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In 95 years the human heart will beat approximately 3,994,560,000 times, and from the first beat to the last you experience a lifetime of memories. Julia's first heartbeat was at 12:03 am on June 11, 1922, when she was born to her parents Carl and Lola Phillips in her grandmother's house in McGinnis County Tennessee. Julia was the youngest of 3 siblings; Carlee Phillips (Tarver) and William (Bill) Phillips. She fondly recalled her mother sharing that she had prayed for 3 children and she was the tie-breaker.

Julia's family was no stranger to hard work, with both parents being gainfully employed and married for over 50 years. She and her siblings originally attended Douglas Elementary school. The family then moved to Johnson City, TN which was considered a "big" city. Julia attended Dunbar Elementary School in Johnson City and walked 45 minutes to class every day. She later attended Langston High School where she played the clarinet in the school band. The family attended Faithful Baptist Church, which was founded in 1869. It was at Faithful Baptist Church where Julia was baptized and accepted Christ in her life. The spiritual energy and teachings she received there would give her a strong faith in Jesus Christ her entire life. She sang in the choir and enjoyed humming and singing spiritual hymns.

Upon graduating high school in 1941, Julia left Tennessee for the big city and lived and worked in Washington DC and New York City for several years. She enjoyed her new independence in both cities, taking the subway and making new friends. She was known to share stories about meeting Duke Ellington and Lena Horne at one of the clubs where she worked as a hat-check girl.

In the mid-fifties, Julia moved to Miami, FL along with her parents. It was during this time that she became a wife and mother. In the 1960's, she started a career in the healthcare field as a Certified Nursing Assistant. This career decision defined Julia and allowed her to share her nurturing nature with others. She worked as a CNA at Mercy Hospital for thirty years, from 1960 to 1990. During that time she purchased a home as a single mom, raised her children, Donnie and Theresa, and took care of both her parents until their deaths. She also cultivated many friendships during that 30 year period at Mercy Hospital. One close friend once said, if you call Julia your friend you have a friend indeed.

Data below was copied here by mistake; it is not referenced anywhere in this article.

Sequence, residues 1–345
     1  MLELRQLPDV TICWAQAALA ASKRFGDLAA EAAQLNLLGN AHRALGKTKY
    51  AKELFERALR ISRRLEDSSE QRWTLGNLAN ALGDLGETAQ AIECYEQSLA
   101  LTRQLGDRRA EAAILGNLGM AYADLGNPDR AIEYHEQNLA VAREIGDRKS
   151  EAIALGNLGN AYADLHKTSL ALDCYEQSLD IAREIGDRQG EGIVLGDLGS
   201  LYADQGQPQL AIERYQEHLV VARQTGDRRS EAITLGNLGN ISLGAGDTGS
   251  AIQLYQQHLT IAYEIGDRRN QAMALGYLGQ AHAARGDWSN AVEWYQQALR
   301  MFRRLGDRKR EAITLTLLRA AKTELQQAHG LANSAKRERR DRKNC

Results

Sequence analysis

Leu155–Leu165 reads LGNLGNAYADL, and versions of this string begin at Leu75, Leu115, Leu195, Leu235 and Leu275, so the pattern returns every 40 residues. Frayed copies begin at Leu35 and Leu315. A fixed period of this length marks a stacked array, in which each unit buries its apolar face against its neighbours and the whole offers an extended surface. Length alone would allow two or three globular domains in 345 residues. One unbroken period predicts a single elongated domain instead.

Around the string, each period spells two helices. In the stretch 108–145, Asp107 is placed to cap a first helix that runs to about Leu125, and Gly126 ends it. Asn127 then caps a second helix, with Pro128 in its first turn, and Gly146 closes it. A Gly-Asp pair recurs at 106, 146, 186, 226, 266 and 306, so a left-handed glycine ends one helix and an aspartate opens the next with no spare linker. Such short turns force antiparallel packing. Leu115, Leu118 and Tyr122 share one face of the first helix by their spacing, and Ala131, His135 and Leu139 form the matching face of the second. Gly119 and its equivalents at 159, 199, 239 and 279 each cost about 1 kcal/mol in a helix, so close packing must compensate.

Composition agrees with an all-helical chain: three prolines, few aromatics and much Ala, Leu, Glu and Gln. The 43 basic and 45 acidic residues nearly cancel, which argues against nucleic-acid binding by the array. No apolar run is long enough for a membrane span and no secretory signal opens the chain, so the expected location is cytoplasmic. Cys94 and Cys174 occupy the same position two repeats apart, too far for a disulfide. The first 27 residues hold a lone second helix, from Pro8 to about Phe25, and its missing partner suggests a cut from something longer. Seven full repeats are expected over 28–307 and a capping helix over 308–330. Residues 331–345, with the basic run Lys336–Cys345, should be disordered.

Julia retired in 1990, but still remained very active. She and her sister lived together and ran a small in-home daycare for children aged 6 months-2 years. Not only were her prices fair, but a lot of first time mothers relied on her for guidance and advice. Once again, she would forge lifetime bonds with many of these children and their parents.

Some might think this was the end of her story. In 1998, however, Julia was on the move again; this time to Texas to be with her children. So, after 40 years as a Floridian and living in Opa-Locka, FL, she moved to Dallas with her sister. Julia loved Texas! She enjoyed the trees, the seasons and more importantly the love of her children and new friends to call family. She also continued the daycare business in Texas.

Oh, but it doesn't stop there. Julia expressed her artistic side in her late 80's and 90's by writing poetry, mastering word search puzzles and adult coloring books. She also enjoyed watching her favorite sports team, the Dallas Mavericks. She kept up with the presidential news of the times; always noting how handsome Barack Obama was each time she saw him on TV, and yelling take the "T" off of Trump. Julia never missed Joel Osteen on Sundays and would recite the opening of the service by heart. Additionally, she seldom turned down an opportunity to give to charities, such as local police drives, and made a point send personal notes to her numerous God-children who kept in touch with her over the years.

Julia experienced the Great Depression as a child, the realities of segregation, the value of honest work, and the duties of motherhood. She also learned to use some of the first computers, voted for the first black president, and enjoyed Facebook. As her health began to decline and her days became more filled with nurses, therapist, attendants and visitors who would ask "How are you today Mrs. Coleman" she always responded, "I don't have bad days". But the best demonstration of her spirit was when at 94 years of age, she needed major emergency surgery and the Pastor came to pray with her. He asked what would like for me to pray for, she said, "Pray for the world". Her pure vibrancy for life was a gift that touched the lives of her family, friends, acquaintances and strangers.

Julia is preceded in death by her mother in 1976, her father in 1992; husband Woodrow Coleman in 1998; sister Carlee Phillips Tarver in 2012 and brother William "Bill" Robert Phillips in 1992.

She leaves cherished memories with a loving and devoted daughter Theresa Coleman-Smith (Ronanthony) of Rowlett, TX, a cherished son Donald Phillips (Denise) of Lewisville, TX, as well as nephews William Phillips of Palm Coast, FL; Carl Franklin Phillips of Chattanooga, TN; niece Janice Phillips of Johnson City, TN and a host of dear and treasured family and friends.